DescriptionObjective: To better understand life course influences affecting cognitive function and decline in later life, we explored sex and race/ethnicity differentials in the relationship between a history of psychiatric, emotional, or nervous problems and cognitive functioning in later life, while accounting for early life disadvantage and relevant covariates.
Methods: Multi-level growth curve models examined associations between psychiatric history and cognitive functioning, and differences by sex and race/ethnicity (SRE), in 20,155 Health and Retirement Study (1995-2014) participants aged 65 or older, by estimating cognition scores and plotting trajectories of change with age by SRE.
Results: A history of psychiatric, emotional, or nervous problems was significantly related to cognition scores and rates of decline. Hispanic and Black participants had significantly lower cognition scores at age 75 and steeper rates of decline than White females, and Black race and the Hispanic race-sex interaction erased the protective effects of being female.
Conclusions: Our findings indicate that members of minority groups with a history of psychiatric problems evidence lower cognitive function in later life, and as a result, have a greater need for community-based long-term care than their peers without this history. Future research should include longitudinal analyses of different components of cognitive function, specific psychiatric diagnoses, and life history data that capture socioeconomic and psychosocial experiences throughout the life course. Population level findings as reported here, along with aggregate findings from similar studies, can inform interventions and policies regarding support for populations that are vulnerable to mental illness and to subsequent cognitive decline.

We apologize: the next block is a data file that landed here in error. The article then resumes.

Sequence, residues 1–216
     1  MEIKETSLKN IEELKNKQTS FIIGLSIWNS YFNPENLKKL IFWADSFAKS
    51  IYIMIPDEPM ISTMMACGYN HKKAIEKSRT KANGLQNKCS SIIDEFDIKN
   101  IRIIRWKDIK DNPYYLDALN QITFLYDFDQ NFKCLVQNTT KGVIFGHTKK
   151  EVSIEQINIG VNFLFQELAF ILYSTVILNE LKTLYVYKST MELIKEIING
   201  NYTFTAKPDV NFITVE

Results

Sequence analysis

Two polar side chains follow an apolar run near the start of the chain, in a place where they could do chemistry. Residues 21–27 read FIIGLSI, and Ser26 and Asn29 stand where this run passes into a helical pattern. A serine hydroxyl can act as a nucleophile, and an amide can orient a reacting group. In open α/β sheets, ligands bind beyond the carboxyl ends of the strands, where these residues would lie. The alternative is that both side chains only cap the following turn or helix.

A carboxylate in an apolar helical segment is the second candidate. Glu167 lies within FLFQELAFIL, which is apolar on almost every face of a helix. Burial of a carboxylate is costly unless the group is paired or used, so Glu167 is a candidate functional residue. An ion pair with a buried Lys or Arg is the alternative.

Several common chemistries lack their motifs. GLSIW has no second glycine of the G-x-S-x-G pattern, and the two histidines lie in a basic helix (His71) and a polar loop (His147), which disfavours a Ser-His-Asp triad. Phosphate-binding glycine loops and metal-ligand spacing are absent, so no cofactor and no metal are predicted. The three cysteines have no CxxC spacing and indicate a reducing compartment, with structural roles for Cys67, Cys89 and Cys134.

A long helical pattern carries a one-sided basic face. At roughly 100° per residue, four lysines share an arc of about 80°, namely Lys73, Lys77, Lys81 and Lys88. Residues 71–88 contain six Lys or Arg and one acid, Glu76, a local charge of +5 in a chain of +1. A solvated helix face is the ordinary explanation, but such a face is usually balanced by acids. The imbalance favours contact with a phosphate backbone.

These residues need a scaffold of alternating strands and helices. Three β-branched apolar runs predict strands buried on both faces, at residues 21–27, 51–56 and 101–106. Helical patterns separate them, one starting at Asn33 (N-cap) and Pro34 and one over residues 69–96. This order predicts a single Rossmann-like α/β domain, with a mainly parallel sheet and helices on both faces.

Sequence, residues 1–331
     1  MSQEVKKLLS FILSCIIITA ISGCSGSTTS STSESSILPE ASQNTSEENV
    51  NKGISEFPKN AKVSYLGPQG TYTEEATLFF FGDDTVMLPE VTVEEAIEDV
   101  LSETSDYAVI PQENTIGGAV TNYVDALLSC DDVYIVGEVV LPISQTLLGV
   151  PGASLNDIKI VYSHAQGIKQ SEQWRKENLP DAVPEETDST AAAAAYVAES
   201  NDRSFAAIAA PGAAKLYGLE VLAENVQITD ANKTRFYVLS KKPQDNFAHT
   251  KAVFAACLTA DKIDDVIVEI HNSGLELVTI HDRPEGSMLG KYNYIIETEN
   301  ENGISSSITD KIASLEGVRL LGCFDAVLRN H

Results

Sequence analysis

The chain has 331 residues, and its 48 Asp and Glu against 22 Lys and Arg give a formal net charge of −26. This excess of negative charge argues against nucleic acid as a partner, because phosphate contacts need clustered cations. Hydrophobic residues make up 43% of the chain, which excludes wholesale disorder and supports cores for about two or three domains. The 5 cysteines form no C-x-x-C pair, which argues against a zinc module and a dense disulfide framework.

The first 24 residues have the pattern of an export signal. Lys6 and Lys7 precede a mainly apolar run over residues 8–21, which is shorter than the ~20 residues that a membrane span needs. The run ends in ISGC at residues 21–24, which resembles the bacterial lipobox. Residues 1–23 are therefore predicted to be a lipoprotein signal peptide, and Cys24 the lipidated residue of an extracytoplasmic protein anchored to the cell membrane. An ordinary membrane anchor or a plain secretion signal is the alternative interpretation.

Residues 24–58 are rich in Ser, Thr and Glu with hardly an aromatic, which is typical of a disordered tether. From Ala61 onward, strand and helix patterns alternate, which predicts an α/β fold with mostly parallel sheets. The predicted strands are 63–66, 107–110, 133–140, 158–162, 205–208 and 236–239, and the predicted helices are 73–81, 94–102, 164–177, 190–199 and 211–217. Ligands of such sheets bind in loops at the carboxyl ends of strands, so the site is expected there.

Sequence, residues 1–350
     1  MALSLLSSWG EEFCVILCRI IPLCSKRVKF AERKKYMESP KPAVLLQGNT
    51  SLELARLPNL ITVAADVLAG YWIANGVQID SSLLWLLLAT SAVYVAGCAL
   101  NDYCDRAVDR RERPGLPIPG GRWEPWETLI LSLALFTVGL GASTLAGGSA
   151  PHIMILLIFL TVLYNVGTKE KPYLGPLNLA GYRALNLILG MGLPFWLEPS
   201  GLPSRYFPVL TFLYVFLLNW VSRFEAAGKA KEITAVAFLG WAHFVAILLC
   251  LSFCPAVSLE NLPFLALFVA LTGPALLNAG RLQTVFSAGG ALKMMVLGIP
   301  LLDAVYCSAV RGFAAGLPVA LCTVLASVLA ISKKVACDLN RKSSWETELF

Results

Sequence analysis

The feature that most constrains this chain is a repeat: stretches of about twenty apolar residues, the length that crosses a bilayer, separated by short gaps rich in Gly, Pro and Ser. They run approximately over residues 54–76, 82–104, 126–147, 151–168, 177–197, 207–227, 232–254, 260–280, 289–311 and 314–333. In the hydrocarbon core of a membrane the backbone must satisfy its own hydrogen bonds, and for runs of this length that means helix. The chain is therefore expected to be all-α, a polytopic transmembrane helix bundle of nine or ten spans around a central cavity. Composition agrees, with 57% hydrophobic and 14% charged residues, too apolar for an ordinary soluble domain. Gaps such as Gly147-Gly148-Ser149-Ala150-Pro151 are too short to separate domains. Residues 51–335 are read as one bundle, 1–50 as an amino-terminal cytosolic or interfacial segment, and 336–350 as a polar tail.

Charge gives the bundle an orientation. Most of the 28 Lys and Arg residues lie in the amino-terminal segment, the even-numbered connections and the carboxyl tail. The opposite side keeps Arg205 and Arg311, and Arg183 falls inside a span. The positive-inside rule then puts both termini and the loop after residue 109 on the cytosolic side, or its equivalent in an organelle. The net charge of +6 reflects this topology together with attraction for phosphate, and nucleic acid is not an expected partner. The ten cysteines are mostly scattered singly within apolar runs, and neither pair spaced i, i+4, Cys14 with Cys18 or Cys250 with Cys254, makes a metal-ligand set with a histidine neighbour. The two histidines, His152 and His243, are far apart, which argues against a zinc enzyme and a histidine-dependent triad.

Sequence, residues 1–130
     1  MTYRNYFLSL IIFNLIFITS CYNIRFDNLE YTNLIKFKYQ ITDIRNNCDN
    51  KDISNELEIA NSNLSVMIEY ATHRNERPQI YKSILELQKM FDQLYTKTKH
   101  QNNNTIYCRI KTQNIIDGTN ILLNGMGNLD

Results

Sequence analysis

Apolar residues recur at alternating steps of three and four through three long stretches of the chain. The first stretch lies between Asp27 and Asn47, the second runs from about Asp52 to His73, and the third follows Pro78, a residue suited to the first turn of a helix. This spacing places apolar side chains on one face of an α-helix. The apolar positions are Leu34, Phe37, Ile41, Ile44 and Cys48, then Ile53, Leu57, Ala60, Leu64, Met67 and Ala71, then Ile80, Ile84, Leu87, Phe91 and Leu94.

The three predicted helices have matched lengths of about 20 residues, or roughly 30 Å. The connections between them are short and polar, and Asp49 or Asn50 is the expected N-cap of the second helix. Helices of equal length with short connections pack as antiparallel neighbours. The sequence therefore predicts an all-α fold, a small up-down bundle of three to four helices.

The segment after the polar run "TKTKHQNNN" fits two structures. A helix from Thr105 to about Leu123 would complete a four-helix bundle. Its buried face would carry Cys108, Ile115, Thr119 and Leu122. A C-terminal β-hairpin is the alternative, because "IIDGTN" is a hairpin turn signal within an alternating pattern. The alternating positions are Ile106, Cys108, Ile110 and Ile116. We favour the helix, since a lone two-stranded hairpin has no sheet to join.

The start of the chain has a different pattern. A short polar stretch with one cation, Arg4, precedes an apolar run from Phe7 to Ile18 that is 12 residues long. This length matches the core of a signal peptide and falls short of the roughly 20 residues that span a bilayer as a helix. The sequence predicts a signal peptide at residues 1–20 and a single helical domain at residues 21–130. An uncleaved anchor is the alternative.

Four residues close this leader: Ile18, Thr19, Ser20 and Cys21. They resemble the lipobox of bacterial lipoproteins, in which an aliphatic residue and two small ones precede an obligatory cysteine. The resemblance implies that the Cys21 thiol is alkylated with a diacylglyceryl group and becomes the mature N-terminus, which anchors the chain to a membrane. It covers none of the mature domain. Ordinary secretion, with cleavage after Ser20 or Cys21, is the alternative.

|Period||Nov 2 2022 → Dec 5 2022|
|Held at||Gerontological Society of America, United States|